My name is Mark Blackard but everyone outside of the United States just calls me Marcos. I like to travel, drink, and write. I believe in free speech, less government, and cold beer.
This site is where I share coconut rum philosophy and travel stories from my hideaway in Southeast Asia.
My books were written straight from the heart.
I’ve held many titles during my travels. In my younger years I poured concrete, hung sheetrock, swung a hammer, shoveled horse shit, and worked as a day laborer. On the more serious side, I’ve been a paratrooper, a paramedic, a police officer, and a narcotics agent among other things. In 2008 I got bored of working drugs so I did a couple of tours embedded with the U.S. Marines in Fallujah, Iraq. Afterward, I did a year in Afghanistan running an undercover counter-terrorism team comprised of local Afghans (the catalyst for my first book).
In 2010, I left Afghanistan and wrote Killing Sheep: The Righteous Insurgent while backpacking across Southeast Asia. What credentials did I possess to become a writer? Absolutely none. I often tell people that I’m not a writer. I’m just a dumb redneck who knows how to type. Or, I guess these days it’s called keyboarding?
Fueled by anger from my experiences in Iraq and Afghanistan, along with being drunk on rum (imagine that), the book turned out to be less than politically correct. I released it on September 11th, 2012. It was my demise in the world of working for, or being a contractor to, the U.S. government.
It felt good to break bad and say what I really wanted to say. It felt good to finally make a change. From birth, I’ve been raised as a conformist like most poor people in America. You know, pay your taxes, wave the flag, don’t question authority, support any and all unnecessary military excursions, and do everything the nice gentlemen in Washington D.C. tell you to do. Screw that. I’m too well informed now. My next twenty years will be spent focusing on the lighter things in life. Conformity is a bad word that is no longer in my vocabulary.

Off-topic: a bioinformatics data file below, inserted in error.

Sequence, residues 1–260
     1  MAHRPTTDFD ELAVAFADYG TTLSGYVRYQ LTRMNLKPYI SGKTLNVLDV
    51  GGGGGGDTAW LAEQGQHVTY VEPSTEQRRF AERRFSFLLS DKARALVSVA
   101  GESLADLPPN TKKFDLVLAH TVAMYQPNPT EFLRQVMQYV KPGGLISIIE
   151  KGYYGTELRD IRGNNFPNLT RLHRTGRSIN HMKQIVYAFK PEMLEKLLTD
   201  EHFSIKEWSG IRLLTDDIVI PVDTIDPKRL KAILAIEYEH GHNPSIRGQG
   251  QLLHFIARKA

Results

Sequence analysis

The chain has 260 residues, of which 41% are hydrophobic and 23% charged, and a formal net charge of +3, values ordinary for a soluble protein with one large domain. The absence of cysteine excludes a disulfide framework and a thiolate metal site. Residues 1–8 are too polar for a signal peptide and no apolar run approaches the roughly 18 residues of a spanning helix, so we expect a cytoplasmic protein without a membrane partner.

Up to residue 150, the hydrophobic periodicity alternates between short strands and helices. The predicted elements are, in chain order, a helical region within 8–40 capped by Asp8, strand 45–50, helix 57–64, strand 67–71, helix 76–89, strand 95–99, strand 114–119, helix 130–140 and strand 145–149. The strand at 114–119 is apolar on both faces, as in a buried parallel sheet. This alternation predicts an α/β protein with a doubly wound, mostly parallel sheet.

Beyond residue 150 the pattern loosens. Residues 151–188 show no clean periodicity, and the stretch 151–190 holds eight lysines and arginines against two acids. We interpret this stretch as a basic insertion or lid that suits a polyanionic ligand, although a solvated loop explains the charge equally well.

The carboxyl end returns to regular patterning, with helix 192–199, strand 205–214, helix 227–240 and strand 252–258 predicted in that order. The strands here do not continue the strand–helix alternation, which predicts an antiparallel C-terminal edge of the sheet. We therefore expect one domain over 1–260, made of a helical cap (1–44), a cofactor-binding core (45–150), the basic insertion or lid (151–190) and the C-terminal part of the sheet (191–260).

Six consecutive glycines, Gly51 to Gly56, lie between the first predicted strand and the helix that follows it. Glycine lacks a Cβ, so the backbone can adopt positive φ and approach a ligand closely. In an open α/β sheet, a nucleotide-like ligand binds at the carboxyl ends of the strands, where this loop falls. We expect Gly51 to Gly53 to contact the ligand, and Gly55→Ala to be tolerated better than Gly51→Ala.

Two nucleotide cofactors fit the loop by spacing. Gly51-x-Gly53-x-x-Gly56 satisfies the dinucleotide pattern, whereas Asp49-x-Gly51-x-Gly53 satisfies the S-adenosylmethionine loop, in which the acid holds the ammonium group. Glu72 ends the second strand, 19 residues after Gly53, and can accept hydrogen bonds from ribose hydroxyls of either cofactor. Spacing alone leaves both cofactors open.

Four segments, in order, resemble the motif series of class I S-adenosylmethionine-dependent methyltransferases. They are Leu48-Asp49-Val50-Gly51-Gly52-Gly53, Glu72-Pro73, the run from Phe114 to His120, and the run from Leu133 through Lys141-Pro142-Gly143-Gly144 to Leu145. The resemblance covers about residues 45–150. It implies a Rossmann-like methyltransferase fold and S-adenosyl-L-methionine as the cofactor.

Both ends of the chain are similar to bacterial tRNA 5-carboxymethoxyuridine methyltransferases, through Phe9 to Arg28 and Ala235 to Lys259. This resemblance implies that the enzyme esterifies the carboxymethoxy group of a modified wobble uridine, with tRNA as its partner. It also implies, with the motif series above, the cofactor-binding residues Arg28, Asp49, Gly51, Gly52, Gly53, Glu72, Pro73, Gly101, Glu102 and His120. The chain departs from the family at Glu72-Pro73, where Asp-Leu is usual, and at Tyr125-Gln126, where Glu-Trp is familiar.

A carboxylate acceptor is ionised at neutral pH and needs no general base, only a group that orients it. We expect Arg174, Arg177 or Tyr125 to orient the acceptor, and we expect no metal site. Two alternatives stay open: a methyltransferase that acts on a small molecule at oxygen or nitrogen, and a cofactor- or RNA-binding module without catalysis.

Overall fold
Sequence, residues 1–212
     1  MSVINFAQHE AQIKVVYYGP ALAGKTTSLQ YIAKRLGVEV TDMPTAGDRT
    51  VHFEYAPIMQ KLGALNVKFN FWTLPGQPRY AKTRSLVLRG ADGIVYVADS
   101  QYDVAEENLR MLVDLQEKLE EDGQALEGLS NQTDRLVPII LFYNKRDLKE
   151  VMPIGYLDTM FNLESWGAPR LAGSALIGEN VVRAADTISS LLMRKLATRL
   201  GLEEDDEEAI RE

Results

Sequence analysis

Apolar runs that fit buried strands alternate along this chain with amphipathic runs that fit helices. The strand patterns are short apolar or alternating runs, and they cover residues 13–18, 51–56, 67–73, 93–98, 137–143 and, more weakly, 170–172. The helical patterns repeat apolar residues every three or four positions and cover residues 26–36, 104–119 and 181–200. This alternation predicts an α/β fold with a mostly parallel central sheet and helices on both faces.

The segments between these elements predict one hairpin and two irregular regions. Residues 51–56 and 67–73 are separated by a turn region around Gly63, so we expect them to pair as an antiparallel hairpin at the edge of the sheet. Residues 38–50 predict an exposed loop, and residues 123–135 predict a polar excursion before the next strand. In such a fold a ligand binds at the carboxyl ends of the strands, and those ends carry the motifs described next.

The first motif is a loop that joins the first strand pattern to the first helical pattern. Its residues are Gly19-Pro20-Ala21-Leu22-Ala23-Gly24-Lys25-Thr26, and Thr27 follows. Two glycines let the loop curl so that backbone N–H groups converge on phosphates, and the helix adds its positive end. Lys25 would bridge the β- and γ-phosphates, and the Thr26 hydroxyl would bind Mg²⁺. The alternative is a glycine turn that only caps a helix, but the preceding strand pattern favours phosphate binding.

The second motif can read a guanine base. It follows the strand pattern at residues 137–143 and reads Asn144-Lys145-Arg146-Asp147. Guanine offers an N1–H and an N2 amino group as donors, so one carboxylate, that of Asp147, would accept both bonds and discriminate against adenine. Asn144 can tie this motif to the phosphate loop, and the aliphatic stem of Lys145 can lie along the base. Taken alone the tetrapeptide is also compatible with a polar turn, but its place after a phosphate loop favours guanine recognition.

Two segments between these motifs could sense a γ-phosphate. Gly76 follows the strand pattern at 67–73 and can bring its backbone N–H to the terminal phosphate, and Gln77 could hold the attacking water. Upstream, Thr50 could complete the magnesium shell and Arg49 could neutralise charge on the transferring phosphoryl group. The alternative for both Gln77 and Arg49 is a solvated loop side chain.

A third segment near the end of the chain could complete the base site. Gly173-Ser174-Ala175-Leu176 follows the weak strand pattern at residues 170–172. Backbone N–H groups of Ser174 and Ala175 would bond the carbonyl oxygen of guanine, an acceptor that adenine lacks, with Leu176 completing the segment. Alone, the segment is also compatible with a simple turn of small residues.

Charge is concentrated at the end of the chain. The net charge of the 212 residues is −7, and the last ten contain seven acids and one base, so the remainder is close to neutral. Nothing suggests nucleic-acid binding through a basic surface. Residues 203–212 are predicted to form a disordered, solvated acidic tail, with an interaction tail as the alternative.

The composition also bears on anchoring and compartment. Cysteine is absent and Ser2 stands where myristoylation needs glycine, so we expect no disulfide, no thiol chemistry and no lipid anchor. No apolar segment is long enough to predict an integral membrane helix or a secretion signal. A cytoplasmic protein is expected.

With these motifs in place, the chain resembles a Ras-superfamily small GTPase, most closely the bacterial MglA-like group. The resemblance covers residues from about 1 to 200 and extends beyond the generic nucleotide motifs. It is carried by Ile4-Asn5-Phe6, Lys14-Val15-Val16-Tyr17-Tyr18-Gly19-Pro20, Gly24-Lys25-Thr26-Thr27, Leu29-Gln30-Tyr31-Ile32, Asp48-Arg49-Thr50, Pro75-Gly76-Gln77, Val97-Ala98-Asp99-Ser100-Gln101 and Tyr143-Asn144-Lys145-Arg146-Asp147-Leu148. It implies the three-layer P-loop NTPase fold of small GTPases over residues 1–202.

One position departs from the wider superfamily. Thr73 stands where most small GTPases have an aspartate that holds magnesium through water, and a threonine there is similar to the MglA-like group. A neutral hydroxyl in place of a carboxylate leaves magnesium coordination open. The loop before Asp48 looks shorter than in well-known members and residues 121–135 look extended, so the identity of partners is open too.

As a side effect of writing The Righteous Insurgent, I ended up making the cover of the January 2013 issue of Soldier of Fortune Magazine. That was actually pretty damn cool, since I used to read the magazine as a child. Back in the 1980’s, it was a dream for me and most of my friends—to make the cover of Soldier of Fortune.
Watching Miami Vice in the 80’s inspired me to want to become a narcotics agent. I had the opportunity to live that dream for many years throughout my career. The nostalgia of getting to join Sonny Crockett in the rank and file of those few who have been featured on the cover, was overwhelming. It pretty much made everything negative in my life seem insignificant.
I continually preach that life is short. Why not live out as many of your dreams as possible? I certainly do. Create a bucket list and get after it.
Where Am I Right Now?
I’m probably in Thailand. If not there, try Cambodia, Laos, Vietnam, or the Philippines.
I live life by the following three principles:
#1. Life is short
#2. Life is about a series of adventures
#3. Never turn down an adventure
Inspiration to Write
A friend of mine named Abe, who I met in Afghanistan, is the author of an excellent book on Islam. He didn’t advertise the fact he had written a book because he is a very humble guy. Once I discovered he was a published author, I decided to pick his brain for professional advice and guidance. With pen and paper at the ready in order to take detailed notes, Abe begin to lay out the recipe for becoming an author.
“OK, you ready?”
“Yeah, go ahead my friend. Tell me what the secret is. Give me the whole process.”
“Just start writing.”
I wrote that down and waited for more. Silence ensued as Abe looked out the window, taking in the scenery. Abe acted as if he had accomplished the task at hand.
“What? That’s it?”
“That’s it. Just start writing. At some point, you will have to stop writing. Every time you look at your manuscript you will add something, change something, or delete something. Therefore, at some point you just have to stop. In between is a book.”
“That can’t be all there is to it. You have to be somewhat scholarly to be able to write a book. How did you do it?”
“Bro, English is not even my primary language. I’m just a poor man. I had to ride a donkey across Iraq in order to escape Iran. You think I’m a scholar? Just start writing.”